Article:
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It seems like only yesterday, but the acid house and rave era from 87-96 was something almost unreal. The movement began in around 87 when unlicenced music events began to take off with details of the events often given out at the last minute on pirate radio.
It was something unprecedented and the movement really took of in 1989 which has become known amongst ravers and acid house fans as 'The Summer of Love'.
It was truly amazing like some kind of musical revolution which brought new age hippies, and trendy clubbers together.
When I listen to the music from that era today it gives me a sense of nostalgisa, takes me back in time, gives me a sense of euphoria and tingles.
Here are a couple of my favourite tunes from that era.
'Corporation of One - The Real Life'
What a classic tune! 😍😍
'Liquid - Sweet Harmony'
These are just a couple of my favourite tunes from back in the day but there are so many more, far too many to mention.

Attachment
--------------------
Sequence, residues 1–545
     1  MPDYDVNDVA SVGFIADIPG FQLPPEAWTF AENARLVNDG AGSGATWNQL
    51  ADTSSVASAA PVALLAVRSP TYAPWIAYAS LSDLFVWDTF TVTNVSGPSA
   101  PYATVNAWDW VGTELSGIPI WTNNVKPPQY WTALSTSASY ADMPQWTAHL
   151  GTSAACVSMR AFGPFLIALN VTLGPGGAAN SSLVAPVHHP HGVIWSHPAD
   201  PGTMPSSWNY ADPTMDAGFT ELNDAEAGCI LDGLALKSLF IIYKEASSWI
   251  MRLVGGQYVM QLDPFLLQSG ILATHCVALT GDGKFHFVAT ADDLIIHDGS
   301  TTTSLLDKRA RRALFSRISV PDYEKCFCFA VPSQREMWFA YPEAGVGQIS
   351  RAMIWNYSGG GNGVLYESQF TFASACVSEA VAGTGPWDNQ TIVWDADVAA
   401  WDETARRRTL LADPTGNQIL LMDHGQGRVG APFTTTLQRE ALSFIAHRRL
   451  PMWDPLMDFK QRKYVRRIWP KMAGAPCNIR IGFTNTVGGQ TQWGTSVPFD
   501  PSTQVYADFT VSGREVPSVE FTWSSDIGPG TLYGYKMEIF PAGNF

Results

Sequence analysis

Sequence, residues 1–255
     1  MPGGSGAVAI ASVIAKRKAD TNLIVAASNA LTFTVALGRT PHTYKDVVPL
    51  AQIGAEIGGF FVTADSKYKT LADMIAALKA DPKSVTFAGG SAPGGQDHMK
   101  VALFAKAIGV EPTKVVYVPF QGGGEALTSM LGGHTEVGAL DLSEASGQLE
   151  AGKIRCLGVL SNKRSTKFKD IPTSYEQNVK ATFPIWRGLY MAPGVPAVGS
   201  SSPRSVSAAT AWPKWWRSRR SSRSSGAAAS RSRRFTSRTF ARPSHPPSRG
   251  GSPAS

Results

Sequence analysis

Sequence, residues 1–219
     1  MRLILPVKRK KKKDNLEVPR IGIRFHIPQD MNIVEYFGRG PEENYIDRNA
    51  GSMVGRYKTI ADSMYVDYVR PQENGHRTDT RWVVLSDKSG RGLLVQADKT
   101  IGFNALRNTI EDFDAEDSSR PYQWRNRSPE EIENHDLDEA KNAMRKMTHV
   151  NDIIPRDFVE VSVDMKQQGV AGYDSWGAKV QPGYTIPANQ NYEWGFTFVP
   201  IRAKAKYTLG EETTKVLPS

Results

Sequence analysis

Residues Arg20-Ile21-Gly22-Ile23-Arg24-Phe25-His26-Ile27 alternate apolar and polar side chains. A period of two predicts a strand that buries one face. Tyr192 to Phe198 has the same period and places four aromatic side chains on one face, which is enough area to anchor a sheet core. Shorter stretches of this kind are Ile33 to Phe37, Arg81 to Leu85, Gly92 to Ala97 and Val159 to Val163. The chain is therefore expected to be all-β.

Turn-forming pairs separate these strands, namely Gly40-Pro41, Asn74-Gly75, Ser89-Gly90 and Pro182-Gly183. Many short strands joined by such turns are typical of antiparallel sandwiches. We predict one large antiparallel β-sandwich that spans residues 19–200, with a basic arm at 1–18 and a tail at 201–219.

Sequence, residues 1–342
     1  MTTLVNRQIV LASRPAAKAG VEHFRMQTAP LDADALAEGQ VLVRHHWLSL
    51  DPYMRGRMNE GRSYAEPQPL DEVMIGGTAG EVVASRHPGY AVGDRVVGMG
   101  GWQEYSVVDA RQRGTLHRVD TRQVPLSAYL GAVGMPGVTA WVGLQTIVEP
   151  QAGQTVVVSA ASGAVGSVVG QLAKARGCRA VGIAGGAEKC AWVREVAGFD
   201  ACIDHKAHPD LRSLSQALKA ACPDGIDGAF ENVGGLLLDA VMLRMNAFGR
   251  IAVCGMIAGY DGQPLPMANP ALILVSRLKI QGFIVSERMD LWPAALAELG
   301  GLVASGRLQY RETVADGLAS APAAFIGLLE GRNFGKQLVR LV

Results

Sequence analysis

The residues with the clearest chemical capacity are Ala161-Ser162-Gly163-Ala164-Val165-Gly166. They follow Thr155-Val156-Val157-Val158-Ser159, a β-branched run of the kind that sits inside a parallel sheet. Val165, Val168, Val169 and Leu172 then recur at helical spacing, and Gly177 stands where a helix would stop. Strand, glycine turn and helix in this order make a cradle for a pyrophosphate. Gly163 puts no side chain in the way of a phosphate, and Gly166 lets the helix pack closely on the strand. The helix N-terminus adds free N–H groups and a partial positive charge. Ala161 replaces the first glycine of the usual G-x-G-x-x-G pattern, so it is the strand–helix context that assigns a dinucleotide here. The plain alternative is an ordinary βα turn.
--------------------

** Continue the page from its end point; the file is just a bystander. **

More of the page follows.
The rave events began to take place outside more often, in places such as deserted airfields. Some of the biggest events were organised by a group known as 'Spiral Tribe' who played a big part in organising the biggest such event in history in the UK.
Spiral Tribes slogan was "We are here to reconnect the Earth" and the infamous 'Castle Morton' event in 92 attracted new age travellers, clubbers and just about anyone who had heard about it and felt like going.
On a bank holiday weekend so many people had descended on 'Castle Morton' that the police were powerless to shut down the rave, their only option was not to intervene and wait until the crowds had enough of their free party.
This rave made headlines in the UK it was incredible.
Here is some footage from the event.
This event angered the government and over the next couple of years they debated what they could do about it in parliment.
Ultimately this resulted in the passing of the 'Criminal Justice and Public Order Act 1994' which contained a clause which would criminalise these unlicenced music events, namely Sections 63–67 whic defined any gathering of 20 or more people where:
63(1)(b) "music" includes sounds wholly or predominantly characterised by the emission of a succession of repetitive beats.
This controversial bill deliberately targeted these events and made things more difficult for rave organisers.